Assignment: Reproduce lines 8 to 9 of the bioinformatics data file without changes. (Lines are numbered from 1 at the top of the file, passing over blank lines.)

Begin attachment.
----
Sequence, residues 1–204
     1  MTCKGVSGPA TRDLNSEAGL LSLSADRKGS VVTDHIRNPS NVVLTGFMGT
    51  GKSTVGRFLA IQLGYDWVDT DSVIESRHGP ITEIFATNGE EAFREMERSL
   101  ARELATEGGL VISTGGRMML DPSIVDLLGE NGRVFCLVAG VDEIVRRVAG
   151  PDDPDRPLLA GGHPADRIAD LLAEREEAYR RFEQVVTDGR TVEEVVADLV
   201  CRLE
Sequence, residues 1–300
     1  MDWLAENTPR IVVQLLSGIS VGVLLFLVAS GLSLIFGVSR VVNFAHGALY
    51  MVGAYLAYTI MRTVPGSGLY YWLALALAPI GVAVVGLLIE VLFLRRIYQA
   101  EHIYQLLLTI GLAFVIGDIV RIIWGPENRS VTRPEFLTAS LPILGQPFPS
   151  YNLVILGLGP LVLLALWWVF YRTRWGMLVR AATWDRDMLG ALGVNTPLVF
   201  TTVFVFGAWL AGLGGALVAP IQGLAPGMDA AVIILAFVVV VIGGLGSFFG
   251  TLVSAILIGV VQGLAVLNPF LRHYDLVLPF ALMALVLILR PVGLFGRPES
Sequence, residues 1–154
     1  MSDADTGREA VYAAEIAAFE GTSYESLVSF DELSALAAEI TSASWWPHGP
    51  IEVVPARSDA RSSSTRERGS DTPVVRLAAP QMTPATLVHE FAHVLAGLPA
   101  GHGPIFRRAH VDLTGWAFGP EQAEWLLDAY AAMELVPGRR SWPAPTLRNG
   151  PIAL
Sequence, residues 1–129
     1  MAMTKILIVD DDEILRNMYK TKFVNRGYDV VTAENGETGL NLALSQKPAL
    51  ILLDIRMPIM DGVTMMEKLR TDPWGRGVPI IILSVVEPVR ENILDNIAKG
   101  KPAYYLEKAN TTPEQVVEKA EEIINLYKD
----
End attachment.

     1  MDWLAENTPR IVVQLLSGIS VGVLLFLVAS GLSLIFGVSR VVNFAHGALY
    51  MVGAYLAYTI MRTVPGSGLY YWLALALAPI GVAVVGLLIE VLFLRRIYQA